The generic reasons why DCF as reported by the MLP may differ from what I call sustainable DCF are reviewed in an article titled Estimating Sustainable DCF-Why and How. Applying the method described there to EPD results through 6/30/12 generates the comparison outlined in the table below:

12 months ending: 6/30/12 6/30/11
Net cash provided by operating activities 2,914 3,134
Less: Maintenance capital expenditures (340) (272)
Less: Working capital (generated) (496)
Less: Net income attributable to noncontrolling interests (excluding $469m for TTM 6/30/11-see below) (18)
Sustainable DCF 2,556 2,367
Add: Net income attributable to noncontrolling interests 18
Working capital used 375
Risk management activities (95) (3)
Proceeds from sale of assets / disposal of liabilities 1,944 332
Other (28) (81)
DCF as reported 4,770 2,615

Table 2: Figures in $ Millions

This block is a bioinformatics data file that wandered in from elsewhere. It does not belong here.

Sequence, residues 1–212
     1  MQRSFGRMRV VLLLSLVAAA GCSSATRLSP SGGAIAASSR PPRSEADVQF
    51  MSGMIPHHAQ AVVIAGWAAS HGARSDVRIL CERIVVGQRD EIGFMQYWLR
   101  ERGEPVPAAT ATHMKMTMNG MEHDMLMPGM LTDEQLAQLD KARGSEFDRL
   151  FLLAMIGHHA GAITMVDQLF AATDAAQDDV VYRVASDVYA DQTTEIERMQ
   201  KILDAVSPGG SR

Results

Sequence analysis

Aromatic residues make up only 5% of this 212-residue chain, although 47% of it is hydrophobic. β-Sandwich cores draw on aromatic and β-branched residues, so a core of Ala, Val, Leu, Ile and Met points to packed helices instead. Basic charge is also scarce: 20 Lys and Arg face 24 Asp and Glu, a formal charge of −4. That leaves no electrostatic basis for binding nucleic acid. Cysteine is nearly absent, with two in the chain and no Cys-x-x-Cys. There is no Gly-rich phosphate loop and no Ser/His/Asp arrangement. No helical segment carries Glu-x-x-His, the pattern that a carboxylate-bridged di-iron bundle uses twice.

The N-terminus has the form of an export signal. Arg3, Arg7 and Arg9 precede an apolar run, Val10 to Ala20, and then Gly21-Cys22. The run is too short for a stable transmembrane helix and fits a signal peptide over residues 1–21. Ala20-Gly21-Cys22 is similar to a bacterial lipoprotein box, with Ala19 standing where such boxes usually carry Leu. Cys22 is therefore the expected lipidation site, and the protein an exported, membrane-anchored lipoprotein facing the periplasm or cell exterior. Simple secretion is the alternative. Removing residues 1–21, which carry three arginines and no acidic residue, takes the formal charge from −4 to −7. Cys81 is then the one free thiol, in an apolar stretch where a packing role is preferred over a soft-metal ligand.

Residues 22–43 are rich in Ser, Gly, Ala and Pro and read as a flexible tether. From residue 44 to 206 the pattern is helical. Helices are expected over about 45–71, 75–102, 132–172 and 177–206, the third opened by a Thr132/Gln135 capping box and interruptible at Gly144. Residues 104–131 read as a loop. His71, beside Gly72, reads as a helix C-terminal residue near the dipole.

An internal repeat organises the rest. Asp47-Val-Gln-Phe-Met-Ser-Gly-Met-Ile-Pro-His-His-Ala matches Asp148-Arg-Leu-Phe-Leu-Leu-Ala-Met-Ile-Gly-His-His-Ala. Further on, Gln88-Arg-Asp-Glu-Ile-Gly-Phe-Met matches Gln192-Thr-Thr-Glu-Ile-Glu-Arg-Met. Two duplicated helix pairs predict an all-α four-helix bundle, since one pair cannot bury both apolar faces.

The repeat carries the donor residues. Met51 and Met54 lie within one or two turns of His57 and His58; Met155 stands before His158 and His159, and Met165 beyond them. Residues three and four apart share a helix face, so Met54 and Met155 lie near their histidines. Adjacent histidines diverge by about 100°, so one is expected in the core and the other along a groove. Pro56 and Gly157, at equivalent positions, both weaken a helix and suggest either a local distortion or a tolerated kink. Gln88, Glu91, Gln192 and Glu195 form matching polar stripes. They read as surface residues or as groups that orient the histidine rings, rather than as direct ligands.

The principal difference between reported DCF and sustainable DCF relates to EPD’s proceeds from asset sales. The bulk of the $1,944 million in proceeds is accounted for by the sale of EPD’s Crystal ownership interests (natural gas storage facilities in Petal and Hattiesburg, Mississippi) for $547.8 million and the sale of 36 million Energy Transfer Partners, LP (ETE) units for $1,351 million. As readers of my prior articles are aware, I do not include proceeds from asset sales in my calculation of sustainable DCF. Comparisons to prior year TTM numbers are difficult because, for accounting purposes, the surviving consolidated entity of the November 22, 2010 merger between EPD and its general partner was the holding company of the general partner rather than EPD itself. As a result, in the 2010 financials EPD is classified as a non-controlling shareholder. So, for example, in the case of EPD it is not necessary to deduct, as I normally do, net income attributable to non-controlling interests to derive sustainable DCF for the TTM ending 6/30/11.This is because the bulk of that $469 million figure is attributable to EPD itself. As I calculate it, sustainable DCF increased by ~8% in the TTM ending 6/30/12 vs. the comparable prior year period.